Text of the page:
As for the Raspberry syrup, it used to be a very popular cocktail sweetener, particularly before Prohibition. Used in dozens of drinks like the Clover Club, the Pink Lady and the Davis Cocktail, raspberry syrup adds great color and bright sweetness that’s lighter in flavor than grenadine. But, for whatever reason, grenadine took the place of raspberry syrup in many recipes during the later half of the 20th century. Happily, the cocktail renaissance brought raspberry syrup back from obscurity and there are plenty of DIY recipes, or you can buy it in stores. We decided to make our own, it’s easy and we still have raspberries. And after playing around with some classics, we made a Clover Club variant called the Mountain Clover with dry gin, lime juice, raspberry syrup and St. Germain. The light, bright sweetness of the raspberry syrup plays well with the gin and lime and makes for a very balanced sip. It looks like a grenadine-based cocktail, but is something very different. Worth a try.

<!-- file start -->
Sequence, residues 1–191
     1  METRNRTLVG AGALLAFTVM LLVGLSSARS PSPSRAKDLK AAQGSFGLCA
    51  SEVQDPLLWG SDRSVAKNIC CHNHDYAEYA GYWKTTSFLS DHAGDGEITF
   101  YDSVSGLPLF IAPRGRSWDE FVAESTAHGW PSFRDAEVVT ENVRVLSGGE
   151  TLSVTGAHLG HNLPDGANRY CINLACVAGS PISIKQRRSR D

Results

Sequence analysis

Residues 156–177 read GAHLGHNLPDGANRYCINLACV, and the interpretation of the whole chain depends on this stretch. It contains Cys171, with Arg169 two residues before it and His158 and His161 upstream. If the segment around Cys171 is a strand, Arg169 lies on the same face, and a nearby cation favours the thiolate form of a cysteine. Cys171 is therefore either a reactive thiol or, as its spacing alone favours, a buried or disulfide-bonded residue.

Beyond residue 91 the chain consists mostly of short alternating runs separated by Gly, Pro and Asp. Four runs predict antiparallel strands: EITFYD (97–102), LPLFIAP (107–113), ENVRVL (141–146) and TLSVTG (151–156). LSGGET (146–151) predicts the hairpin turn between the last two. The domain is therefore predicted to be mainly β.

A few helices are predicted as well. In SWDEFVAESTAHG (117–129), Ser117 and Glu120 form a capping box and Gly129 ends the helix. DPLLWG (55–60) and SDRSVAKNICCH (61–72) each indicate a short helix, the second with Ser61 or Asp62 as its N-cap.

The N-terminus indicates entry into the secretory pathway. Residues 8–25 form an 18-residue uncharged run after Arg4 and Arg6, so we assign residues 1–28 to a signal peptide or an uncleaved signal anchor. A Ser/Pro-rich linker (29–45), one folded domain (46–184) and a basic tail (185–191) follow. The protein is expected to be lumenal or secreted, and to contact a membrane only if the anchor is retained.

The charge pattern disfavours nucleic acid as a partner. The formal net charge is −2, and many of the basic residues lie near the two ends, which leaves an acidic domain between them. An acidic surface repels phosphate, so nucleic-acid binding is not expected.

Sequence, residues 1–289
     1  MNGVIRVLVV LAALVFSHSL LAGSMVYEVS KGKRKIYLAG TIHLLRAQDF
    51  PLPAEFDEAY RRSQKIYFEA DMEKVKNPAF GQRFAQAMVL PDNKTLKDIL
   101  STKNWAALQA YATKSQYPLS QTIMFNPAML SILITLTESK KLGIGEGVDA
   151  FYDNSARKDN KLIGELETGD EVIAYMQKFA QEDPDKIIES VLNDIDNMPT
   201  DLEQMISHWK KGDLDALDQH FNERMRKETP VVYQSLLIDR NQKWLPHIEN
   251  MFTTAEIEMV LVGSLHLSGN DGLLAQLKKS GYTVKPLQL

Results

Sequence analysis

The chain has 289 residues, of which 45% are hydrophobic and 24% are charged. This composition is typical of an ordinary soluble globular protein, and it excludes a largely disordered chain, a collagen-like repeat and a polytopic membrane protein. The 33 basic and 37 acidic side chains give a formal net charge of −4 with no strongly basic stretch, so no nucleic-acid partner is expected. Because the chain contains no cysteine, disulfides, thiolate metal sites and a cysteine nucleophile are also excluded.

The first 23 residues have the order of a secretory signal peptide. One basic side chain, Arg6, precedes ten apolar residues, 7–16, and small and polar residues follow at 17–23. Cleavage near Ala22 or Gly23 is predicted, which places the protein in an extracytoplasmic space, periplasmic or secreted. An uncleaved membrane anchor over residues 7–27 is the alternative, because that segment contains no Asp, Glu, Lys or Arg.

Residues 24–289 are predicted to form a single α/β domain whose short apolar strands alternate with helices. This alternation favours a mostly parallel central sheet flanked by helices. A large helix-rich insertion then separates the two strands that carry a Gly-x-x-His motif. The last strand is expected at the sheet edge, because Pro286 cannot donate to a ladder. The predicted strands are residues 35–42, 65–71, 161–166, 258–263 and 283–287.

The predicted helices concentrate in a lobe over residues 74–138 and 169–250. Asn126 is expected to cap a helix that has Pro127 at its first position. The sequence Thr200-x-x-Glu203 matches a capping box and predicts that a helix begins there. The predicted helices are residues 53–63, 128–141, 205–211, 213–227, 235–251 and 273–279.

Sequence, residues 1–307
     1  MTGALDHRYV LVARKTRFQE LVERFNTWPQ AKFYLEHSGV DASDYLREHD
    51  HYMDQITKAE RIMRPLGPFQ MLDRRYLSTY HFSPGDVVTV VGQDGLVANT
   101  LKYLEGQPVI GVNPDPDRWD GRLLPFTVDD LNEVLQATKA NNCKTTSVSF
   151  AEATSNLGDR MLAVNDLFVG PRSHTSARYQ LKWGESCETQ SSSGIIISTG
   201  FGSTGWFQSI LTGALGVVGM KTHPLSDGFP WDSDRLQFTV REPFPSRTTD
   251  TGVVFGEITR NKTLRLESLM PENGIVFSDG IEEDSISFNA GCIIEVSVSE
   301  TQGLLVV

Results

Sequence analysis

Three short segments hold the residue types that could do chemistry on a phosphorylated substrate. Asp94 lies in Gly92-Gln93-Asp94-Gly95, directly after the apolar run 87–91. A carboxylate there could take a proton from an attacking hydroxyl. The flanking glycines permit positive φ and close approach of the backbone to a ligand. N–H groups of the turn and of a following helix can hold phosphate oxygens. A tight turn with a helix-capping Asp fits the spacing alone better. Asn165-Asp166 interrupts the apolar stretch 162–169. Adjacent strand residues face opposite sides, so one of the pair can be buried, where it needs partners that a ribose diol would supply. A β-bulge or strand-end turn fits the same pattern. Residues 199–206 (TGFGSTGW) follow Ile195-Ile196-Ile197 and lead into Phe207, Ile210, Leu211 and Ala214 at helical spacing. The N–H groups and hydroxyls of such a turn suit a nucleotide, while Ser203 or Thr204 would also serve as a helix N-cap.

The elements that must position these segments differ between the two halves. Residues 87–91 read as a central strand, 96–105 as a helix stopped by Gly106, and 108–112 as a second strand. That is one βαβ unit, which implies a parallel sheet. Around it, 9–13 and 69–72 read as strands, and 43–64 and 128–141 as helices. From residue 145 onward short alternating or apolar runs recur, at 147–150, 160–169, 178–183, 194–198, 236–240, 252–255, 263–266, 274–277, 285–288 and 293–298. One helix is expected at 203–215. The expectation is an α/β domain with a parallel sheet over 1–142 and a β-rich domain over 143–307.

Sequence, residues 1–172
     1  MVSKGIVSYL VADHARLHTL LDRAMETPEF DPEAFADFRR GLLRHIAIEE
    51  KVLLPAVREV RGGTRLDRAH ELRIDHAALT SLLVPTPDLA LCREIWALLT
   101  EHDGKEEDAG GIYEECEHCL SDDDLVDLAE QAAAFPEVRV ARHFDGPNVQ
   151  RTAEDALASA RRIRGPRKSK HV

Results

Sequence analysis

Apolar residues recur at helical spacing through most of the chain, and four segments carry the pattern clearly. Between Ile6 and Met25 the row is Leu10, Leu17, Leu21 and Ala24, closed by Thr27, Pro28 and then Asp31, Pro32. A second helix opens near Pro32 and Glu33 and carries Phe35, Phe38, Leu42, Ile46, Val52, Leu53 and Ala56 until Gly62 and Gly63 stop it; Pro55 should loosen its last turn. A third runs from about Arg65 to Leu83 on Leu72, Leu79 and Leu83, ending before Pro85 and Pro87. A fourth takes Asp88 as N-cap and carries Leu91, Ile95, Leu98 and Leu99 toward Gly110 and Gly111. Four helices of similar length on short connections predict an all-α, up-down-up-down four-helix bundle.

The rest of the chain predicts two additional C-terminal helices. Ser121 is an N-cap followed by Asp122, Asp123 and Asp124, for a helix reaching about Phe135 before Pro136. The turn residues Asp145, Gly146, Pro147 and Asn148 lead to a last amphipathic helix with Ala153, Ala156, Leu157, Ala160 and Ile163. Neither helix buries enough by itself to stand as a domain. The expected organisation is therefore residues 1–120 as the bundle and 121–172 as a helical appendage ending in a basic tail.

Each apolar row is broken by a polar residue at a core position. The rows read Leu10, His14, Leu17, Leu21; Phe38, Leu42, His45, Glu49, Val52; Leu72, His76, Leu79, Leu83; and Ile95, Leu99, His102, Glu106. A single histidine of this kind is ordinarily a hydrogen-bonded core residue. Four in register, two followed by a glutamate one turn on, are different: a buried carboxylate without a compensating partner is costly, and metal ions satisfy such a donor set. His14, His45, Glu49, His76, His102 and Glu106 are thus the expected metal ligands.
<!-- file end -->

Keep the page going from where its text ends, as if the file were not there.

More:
Making both these syrups is very easy. Both use fruit, sugar and water. The pineapple syrup uses a “cold” method and the raspberry a “hot” method, but the process is basically the same. Cut or mash-up the fruit, cover with a simple syrup, put it in a jar, let it sit a day or two, strain out the fruit (mash in a bit more of the juice) and bottle the syrup. (And keep the left over pineapple pieces to put on ice cream or toast, good stuff). Top with a bit of vodka or Everclear to extend the life of the syrup, if you like. Store in a tightly lidded jar in the fridge. And then prepare to make awesome cocktails.